Dating victorian costume
A new type of transitional attire, specifically designed for small boys between the ages of three and seven, began to be worn about 1780.
These outfits, called "skeleton suits" because they fit close to the body, consisted of ankle-length trousers buttoned onto a short jacket worn over a shirt with a wide collar edged in ruffles.
Clothing plays an integral role of the "look" of childhood in every era.
The age of breeching varied, depending on parental choice and the boy's maturity, which was defined as how masculine he appeared and acted.
Breeches were reserved for men and older boys, while the members of society most subordinate to men-all females and the youngest boys-continued to wear skirted garments.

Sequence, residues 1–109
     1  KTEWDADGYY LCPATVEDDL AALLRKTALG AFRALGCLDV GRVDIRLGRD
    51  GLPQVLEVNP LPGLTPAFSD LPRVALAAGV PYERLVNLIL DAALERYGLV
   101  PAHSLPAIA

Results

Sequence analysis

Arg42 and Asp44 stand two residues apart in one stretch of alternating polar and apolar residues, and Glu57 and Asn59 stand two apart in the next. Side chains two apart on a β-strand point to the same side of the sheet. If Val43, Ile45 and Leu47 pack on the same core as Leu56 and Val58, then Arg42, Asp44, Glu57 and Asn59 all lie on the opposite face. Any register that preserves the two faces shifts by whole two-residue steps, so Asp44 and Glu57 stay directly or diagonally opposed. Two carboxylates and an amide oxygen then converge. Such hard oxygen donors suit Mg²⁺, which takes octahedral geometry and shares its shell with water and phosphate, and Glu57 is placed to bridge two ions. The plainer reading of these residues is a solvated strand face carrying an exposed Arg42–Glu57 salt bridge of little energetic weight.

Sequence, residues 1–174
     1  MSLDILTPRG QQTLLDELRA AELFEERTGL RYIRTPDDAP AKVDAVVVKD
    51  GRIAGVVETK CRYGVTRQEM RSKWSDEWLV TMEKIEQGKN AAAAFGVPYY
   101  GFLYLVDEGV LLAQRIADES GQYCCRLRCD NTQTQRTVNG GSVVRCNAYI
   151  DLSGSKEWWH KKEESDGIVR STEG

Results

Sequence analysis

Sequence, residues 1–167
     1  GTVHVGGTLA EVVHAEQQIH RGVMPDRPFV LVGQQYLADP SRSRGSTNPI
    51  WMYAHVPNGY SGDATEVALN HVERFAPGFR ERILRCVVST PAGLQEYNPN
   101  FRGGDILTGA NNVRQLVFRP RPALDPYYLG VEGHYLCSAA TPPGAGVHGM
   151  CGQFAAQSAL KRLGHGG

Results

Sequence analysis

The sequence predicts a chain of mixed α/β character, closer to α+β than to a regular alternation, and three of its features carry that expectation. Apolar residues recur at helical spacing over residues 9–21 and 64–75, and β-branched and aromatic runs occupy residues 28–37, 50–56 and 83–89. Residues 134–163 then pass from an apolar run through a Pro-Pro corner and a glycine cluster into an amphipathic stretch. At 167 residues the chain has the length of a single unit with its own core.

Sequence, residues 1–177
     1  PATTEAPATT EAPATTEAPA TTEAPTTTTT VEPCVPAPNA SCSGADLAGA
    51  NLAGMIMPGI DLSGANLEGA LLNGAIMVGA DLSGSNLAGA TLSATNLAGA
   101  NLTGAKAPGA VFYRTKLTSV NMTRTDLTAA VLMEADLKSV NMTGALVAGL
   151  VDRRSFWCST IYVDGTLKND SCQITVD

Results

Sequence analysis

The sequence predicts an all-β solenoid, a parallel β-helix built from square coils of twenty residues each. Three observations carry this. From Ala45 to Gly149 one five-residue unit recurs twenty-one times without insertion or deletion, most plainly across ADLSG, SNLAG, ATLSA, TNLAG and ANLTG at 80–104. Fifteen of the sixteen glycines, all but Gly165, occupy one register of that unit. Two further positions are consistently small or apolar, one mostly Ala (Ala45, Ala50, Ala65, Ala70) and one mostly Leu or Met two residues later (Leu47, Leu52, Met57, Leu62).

To modern eyes, it may appear that when little boys of the past were attired in skirts or dresses, they were dressed "like girls," but to their contemporaries, boys and girls were simply dressed alike in clothing appropriate for small children.
Until the 1770s, when little boys were breeched, they essentially went from the petticoats of childhood into the adult male clothing appropriate for their station in life.
Although boys were still breeched by about six or seven during the 1770s, they now began to wear somewhat more relaxed versions of adult clothing- looser-cut coats and open-necked shirts with ruffled collars-until their early teen years.